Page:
Sunday, August 30, 2009

This Week in Assisted Suicide.

Issues to watch this week:

--On Tuesday, September 2 the Montana Supreme Court will hear a challenge to the December 5 ruling that Montanans have a right to assisted suicide.* The December decision, Baxter v State, made Montana the third state, after Oregon and Washington, to allow assisted suicide. John Baxter, a terminally ill 76 year old Montana resident brought the suit to obtain rights to a lethal prescription of drugs. He won and the state appealed the decision.

One of the interesting aspects of this case is the lack of a conscience clause - allowing medical practitioners to opt-out of prescribing lethal drugs - as are included in Oregon and Washington's Death with Dignity laws, instituted by public vote.

--This week, expect to see more people asking the question that The LA Baptist Examiner has asked: Was Michael Jackson's death homicide or assisted suicide?

The question itself requires some odd definition twisting (see footnote below). Dr. Murray prescribed Propofol and other drugs to Jackson. The coctail caused the entertainer's death. What was Murray's intent? To passify a demanding public figure's request (drug prescription) before he finds another doctor willing to do so? Or kill to his patient?

It will be interesting to see if this case takes the same course as one decided last week regarding a Louisiana man, John Ahlf, who brought his depressed, chronically pained wife 130 pills and alcohol. She took the pills and died; Ahlf was sentenced to 6 months in jail.

*Assisted Suicide is the common name for what advocates call aid in dying or death with dignity (as Oregon and Washington's bills are named). They contend that assisted suicide - meaning death facilitated by another (doctor, relative, etc.) is illegal and that aid in dying or death with dignity allows a terminally ill, mentally sound patient to control the conditions of their own death by administering their own fatal medication.

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Graham Greene's Catholicism.

I've been reading The End of the Affair the past few days so when the opportunity came up to catch a Graham Greene double feature at Film Forum last night with two of my favorite religion scholars, I jumped.

Elizabeth Castelli, Chair of the Department of Religion at Barnard College, is author of Martyrdom and Memory: Early Christian Culture Making. Angela Zito is professor of Anthropology and Religious Studies at New York University and author of, Of Body and Brush: Grand Sacrifice as Text/Performance in 18th century China. Time with them is like a seminar in how to read, that most basic human task of observing and interpreting experience, be it a film, a social situation, family relations, a book, or a favorite TV show. I'm always richer for their company and conversation.

It was Elizabeth who remarked, prior to the films, on Graham Greene's astute writing on Catholicism. Greene wrote 26 novels, many of which address religion, and a handful of which were made into movies. In The End of the Affair Sarah promises God, when a bomb falls on her lover's flat, that she will believe in God should he survive. He does and it is this promise, in the midst of her avoided, latent faith, that cuts short their affair. Years later, as they try to reconcile, she decides to become Catholic but is struck down by a sudden illness.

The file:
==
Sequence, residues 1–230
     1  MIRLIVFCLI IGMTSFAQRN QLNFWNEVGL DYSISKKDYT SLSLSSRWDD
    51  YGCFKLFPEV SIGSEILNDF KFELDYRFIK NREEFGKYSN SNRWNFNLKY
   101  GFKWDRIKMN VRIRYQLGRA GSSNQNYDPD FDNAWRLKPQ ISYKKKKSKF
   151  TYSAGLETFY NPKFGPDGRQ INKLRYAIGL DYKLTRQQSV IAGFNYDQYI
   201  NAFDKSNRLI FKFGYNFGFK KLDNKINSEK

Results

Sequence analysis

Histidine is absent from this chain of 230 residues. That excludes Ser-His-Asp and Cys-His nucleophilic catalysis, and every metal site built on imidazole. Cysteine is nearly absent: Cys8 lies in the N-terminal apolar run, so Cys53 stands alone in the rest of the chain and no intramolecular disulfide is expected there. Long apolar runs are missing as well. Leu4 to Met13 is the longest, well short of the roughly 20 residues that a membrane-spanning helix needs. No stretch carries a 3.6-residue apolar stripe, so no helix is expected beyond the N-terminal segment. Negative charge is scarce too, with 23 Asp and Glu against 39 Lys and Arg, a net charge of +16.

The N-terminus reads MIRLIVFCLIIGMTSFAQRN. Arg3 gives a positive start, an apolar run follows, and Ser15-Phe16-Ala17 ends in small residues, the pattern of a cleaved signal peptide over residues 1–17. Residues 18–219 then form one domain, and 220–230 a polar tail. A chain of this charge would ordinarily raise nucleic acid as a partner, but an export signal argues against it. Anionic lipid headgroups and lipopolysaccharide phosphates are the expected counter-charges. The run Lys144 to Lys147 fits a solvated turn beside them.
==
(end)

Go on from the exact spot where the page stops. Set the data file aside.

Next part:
From the book:

...Suddenly I saw her for what she was - a piece of refuse waiting to be cleared away: if you needed a bit of hair you could take it, or trim her nails if nail trimmings had value to you. Like a saint's her bones could be divided up - if anybody required them. She was going to be burnt soon so why shouldn't everybody have what he wanted first? What a fool I had been during three years to imagine that in any way I had possessed her. We are possesed by nobody, not even ourselves.


(From a letter from Sarah to her lover, Maurice Bendrix, a novelist, received after her death.) I love you but I can't see you again. I don't know how I'm going to live in this pain and longing and I'm praying to God all the time that he won't be hard on me, that he won't keep me alive. Dear Maurice, I want to have my cake and eat it like everybody else. I went to a priest two days ago before you rang me up and told him I wanted to be a Catholic. I told him about my promise and about you. I said, I'm not really maried to Henry any more. We don't sleep together - not since the first year with you. And it wasn't really a marriage, I said, you couldn't call a registry office a wedding. I asked him couldn't I be a Catholic and marry you? I knew you wouldn't mind going through a service. Every time I asked him a question I had such hope; it was like opening the shutters of a new house and looking for the view, and every window just faced a blank wall. No, no, no, he said, I couldn't marry you, I couldn't go on seeing you, not if I was going to be a Catholic. I thought, to hell with the whole lot of them and I walked out of the room where I was seeing him, and I slammed the door to show what I thought of priests. They are between us and God, I thought; God has more mercy, and then I came out of the church and saw the crucifix they have there, and I thought, of course, he's got mercy, only it's such an odd sort of mercy, it sometimes looks like punishment.

In both the films we watched last night, it is knowledge or truth - or the resolution of plot - that hinge on relics: in The Fallen Idol, it is Mrs. Baines' footprint in spilled dirt; in Brighton Rock, it is a phonograph record made by Pinky for his new bride, Rose. Both "villains," tortured by their inability to love or be loved, experience "an odd sort of mercy" that "looks like punishment."

The Fallen Idol and Brighton Rock are showing as a double feature at Film Forum through Tuesday, September 1.

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